*2 The magistrate judge granted Collar limited discovery. The magistrate judge ordered Abalux to produce a list of its sales and copies of its invoices for orders placed in 2015 for which it received payment in 2016. And the magistrate judge ordered Abalux to produce copies of bank records and business records about how much money it received in 2016 for sales made in 2015.
Collar, represented by Kelly, appealed the discovery order and moved for partial summary judgment on his claim for overtime wages in 2015. Kelly argued that the annual gross sales for Abalux included any payments it received in 2016 for sales it made in 2015. Kelly attached the charts used during Ms. Marcos’s deposition as an exhibit to the appeal and the motion.
Abalux opposed Collar’s appeal of the discovery order and submitted a declaration from Ms. Marcos regarding the charts used during her deposition. Ms. Marcos declared that the charts “overreported the number of [Abalux] transactions in 2014.” She also declared that the charts were inaccurate because they “contained numerous discrepancies caused by transposed figures and poor addition.”
Abalux moved for summary judgment and for an award of attorney’s fees and costs to sanction the Zidell firm and its attorneys. Abalux sought sanctions for filing suit without contacting it to confirm that it had sufficient annual gross sales to ensure that Collar’s employment was covered by the Act; using incorrect charts; and insisting on using the accrual method to determine the annual gross sales of Abalux. Abalux sought sanctions based on the statute prohibiting unreasonable and vexatious litigation, 28 U.S.C. § 1927, the inherent power of the court, and Federal Rule of Civil Procedure 11.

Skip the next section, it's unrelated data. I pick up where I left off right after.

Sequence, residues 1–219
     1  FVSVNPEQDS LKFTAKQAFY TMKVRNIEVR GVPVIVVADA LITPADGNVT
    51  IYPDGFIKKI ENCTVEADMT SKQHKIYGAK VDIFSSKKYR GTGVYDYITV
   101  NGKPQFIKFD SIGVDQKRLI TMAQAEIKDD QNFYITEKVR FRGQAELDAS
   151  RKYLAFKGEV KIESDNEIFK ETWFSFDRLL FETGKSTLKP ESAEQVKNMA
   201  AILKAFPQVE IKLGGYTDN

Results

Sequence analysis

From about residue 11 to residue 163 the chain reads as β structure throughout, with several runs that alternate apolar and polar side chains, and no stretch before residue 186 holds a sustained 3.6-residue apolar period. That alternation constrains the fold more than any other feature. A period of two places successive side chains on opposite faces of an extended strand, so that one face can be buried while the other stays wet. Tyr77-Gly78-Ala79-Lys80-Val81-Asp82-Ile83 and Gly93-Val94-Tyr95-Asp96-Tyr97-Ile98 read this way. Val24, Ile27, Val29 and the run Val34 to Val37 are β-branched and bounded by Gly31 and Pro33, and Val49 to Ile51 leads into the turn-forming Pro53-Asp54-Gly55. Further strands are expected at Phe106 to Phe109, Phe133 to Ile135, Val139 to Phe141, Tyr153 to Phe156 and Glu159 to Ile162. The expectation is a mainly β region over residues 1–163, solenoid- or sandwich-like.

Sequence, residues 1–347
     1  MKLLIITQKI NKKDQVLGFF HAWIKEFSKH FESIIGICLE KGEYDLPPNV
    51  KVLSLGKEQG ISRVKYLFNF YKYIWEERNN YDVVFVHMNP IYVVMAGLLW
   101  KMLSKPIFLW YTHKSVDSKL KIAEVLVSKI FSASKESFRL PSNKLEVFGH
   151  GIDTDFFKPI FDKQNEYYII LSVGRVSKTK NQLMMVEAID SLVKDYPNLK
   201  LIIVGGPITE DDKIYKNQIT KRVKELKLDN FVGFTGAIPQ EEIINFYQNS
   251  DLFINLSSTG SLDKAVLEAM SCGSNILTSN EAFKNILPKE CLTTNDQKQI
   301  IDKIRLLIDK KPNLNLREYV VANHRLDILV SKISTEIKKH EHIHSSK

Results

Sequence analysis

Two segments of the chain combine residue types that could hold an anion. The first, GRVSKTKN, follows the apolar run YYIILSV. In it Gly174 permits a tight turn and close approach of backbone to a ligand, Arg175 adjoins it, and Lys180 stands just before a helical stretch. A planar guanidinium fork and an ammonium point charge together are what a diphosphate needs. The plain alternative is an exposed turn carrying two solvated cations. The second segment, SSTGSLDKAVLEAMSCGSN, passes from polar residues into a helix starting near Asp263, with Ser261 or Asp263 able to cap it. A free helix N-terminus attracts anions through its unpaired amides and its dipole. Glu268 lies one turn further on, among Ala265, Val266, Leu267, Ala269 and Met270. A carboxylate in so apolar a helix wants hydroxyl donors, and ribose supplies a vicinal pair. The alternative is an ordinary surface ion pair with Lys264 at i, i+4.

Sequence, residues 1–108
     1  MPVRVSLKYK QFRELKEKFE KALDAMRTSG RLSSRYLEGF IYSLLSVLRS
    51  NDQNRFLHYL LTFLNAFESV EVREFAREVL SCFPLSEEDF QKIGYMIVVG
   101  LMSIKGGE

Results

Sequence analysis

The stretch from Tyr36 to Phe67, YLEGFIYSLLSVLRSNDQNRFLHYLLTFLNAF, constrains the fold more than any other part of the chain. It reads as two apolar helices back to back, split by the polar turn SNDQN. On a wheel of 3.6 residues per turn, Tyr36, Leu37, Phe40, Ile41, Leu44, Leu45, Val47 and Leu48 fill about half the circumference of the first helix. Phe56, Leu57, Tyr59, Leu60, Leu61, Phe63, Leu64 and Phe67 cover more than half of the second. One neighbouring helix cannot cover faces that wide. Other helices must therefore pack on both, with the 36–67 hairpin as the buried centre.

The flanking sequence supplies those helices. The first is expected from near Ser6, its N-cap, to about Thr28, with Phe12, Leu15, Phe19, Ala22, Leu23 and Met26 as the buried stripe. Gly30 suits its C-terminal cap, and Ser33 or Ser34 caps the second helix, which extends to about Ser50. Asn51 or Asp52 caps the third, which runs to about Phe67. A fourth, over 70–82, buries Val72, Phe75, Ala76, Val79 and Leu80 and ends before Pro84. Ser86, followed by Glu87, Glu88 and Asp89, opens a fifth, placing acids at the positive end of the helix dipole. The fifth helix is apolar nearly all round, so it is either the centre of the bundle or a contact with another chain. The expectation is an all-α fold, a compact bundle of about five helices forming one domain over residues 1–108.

The district court denied Collar’s motion for partial summary judgment, entered summary judgment in favor of Abalux, and adopted the recommendation of the magistrate judge to grant Abalux an award of attorney’s fees and costs in the amount of $27,181.80 against Kelly and the Zidell firm. The district court sanctioned Kelly and the law firm for pursuing a factual contention and legal claim that were objectively frivolous based on Rule 11 and for their bad faith litigation conduct under its inherent powers, and it sanctioned Kelly for unreasonably and vexatiously multiplying the litigation, 28 U.S.C. § 1927. The district court found that Abalux, in its series of Rule 11 motions, apprised the Zidell firm that its requests for discovery were unsubstantiated, that discovery evidenced that Abalux had annual gross sales of less than $500,000, and that the Zidell firm should have dismissed Collar’s lawsuit. But the district court sanctioned the Zidell firm and Kelly only for the refusal to withdraw the incorrect charts after their errors were exposed and for the misrepresentations that Abalux had to report revenue using the accrual method of accounting in Collar’s motion for partial summary judgment and in the opposition to the motion of Abalux for summary judgment. And the district court limited the award to the attorney’s fees and costs that Abalux incurred 21 days after it served a seventh Rule 11 motion on the Zidell firm and one day after Abalux filed its opposition to Collar’s motion for partial summary judgment because both filings pinpointed how the charts were incorrect and why the use of the accrual method was unsound.
II. STANDARD OF REVIEW
*3 We review the imposition of sanctions for abuse of discretion. See Peer v. Lewis, 606 F.3d 1306, 1311 (11th Cir. 2010). That standard requires us to affirm unless the district court “applies an incorrect legal standard, follows improper procedures in making the determination, or bases the decision upon findings of fact that are clearly erroneous.” Id. (internal quotation marks omitted).